2 January, 2020 Amnesty International noted how the HKPF showed the world their disdain for the rights to freedom of expression and peaceful assembly by violently dispersing a largely peaceful protest held the day before. A massive protest that had begun with HKPF approval in place was suddenly shut down three hours into the event. "Police gave the organiser and hundreds of thousands of protesters just 30 minutes to disperse. The police then started firing tear gas and water cannon at protesters, including those who remained peaceful," Man-Kei Tam, the Director of Amnesty International HK said. “This in effect prevented people from exercising their rights to freedom of expression and peaceful assembly. The police should facilitate peaceful protest, not restrict or disrupt it."


30 January, 2020 Amnesty International dedicated two chapters of its 25-chapter Annual report to HK and China, respectively. In the HK chapter, the watchdog organisation raised concern over Hongkongers’ freedom of peaceful assembly. “There was a rapid deterioration in the rights to freedom of peaceful assembly, expression and association as the HK authorities increasingly adopted mainland China’s vague and all-encompassing definition of national security,” it said. The international body accused the city’s police of responding to the protests with “unnecessary and excessive use of force”.


27 February, 2020 Amnesty International joined the voices of opposition critical of the HK government's annual budget plan to increase spending on personnel and equipment for the HKPF by $25.8 million. The increase in police spending comes after months of unrest and pro-democracy protests, and comes amid widespread claims made by demonstrators, watchdogs and NGOs of police brutality. The total funding to be allocated to the police is now set to be HK$25.8 billion, up 25 per cent from the previous year. The police are expected to add a further 2,500 posts to their 35,000-strong force in the next financial year to "strengthen operational capability".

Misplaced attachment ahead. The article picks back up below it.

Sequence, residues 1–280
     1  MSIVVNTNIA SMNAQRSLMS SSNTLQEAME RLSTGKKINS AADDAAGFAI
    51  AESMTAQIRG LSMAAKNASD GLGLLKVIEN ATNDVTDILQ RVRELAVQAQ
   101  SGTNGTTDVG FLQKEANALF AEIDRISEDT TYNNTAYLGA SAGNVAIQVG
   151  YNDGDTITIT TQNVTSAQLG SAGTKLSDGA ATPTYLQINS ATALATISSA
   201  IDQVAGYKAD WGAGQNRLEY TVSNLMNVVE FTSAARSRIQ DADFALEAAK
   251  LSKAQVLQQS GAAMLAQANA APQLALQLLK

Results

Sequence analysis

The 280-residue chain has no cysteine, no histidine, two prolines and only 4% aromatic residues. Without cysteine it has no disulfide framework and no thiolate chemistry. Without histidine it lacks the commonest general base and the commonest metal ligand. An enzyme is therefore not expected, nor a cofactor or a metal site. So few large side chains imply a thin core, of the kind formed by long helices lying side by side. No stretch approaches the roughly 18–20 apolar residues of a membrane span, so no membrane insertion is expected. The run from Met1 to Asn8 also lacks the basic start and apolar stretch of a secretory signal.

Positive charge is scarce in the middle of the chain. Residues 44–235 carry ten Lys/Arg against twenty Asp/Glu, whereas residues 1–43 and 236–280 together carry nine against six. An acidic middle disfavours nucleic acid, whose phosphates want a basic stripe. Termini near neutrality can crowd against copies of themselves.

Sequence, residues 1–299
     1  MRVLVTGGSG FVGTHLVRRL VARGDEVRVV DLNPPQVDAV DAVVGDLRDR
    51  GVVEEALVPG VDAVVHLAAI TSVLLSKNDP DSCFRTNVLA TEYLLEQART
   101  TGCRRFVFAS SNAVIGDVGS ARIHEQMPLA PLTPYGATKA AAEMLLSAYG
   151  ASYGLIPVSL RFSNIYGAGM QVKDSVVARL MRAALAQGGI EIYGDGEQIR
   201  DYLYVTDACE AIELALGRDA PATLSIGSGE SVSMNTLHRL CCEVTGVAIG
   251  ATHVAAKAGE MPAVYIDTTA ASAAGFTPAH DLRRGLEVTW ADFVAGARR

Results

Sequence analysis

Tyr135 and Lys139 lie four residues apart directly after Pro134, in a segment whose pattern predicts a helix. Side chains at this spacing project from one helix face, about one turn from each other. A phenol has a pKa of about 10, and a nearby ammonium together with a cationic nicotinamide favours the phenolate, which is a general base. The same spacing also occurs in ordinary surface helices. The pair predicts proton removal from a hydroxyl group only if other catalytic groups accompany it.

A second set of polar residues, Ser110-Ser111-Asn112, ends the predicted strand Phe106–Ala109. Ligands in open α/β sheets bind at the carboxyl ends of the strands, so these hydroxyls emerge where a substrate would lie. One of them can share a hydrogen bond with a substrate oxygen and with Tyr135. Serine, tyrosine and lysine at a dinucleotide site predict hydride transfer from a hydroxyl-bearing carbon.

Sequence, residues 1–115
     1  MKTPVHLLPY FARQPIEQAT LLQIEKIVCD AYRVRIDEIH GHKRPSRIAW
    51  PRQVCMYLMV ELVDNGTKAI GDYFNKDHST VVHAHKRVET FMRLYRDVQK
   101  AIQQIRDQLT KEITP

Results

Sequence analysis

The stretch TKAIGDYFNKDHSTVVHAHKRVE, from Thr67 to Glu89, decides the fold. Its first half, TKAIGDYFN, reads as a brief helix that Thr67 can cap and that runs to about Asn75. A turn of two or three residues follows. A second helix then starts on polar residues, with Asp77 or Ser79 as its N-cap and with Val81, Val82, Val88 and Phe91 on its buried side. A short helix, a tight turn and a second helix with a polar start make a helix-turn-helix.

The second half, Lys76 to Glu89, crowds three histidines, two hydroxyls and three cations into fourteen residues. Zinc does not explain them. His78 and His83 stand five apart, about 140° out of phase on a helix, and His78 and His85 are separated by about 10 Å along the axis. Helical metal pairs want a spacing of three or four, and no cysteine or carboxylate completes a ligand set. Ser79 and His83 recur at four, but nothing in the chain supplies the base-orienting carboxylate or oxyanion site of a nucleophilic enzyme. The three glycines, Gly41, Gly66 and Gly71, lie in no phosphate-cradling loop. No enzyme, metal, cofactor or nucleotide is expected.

Pro-democracy lawmakers were vocal in their criticism. “To this day, the government still doesn’t understand where the public opinion lies,” said Civic Party leader Alvin Yeung.


Another pro-democracy legislator Eddie Chu questioned whether the police could be able to hire more officers in the coming year: “The police’s reputation has been tarnished, Hongkongers are ashamed to be associated with the force. I really wonder is it possible to see more than 2,000 young Hongkongers join the force in the coming year,” Chu said.


Tam Man-kei, Director of Amnesty International HK, told media that the police should only ask for more funding and resources after alleged cases of police brutality are investigated through an independent commission of inquiry.


28 February, 2020 Amnesty International joined a chorus of outrage over the arrests of three pro-democracy activists by HKPF for their participation in an unapproved anti-government protest on 31 August, 2019 : Jimmy Lai, Lee Cheuk-yan and Yeung Sum. The Civil Human Rights Front had unsuccessfully sought HKPF permission for that protest, but many demonstrators chose to defy the police refusal. Seen as a move to crush dissent, some reports indicated the arrests were part of a police strategy to gain access to their mobile phones, to extract names and details of others involved in the city's unrest. Tam Man-Kei, Director of Amnesty International HK, said there was an "urgent need" for an independent inquiry into the tactics employed by police against anti-government protesters over the past year.

The Bar Association is keen to help


On 5 July 2019, after anti-government protesters had ransacked the LegCo (Legislative Council) chambers at Tamar, the HK Bar Association (HKBA) issued a media statement. It called on the government to respond in a sincere way to the demands of the community voiced so emphatically over the previous weeks. It said that a refusal to engage with the public over important and pressing issues is inimical to the Rule of Law in HK.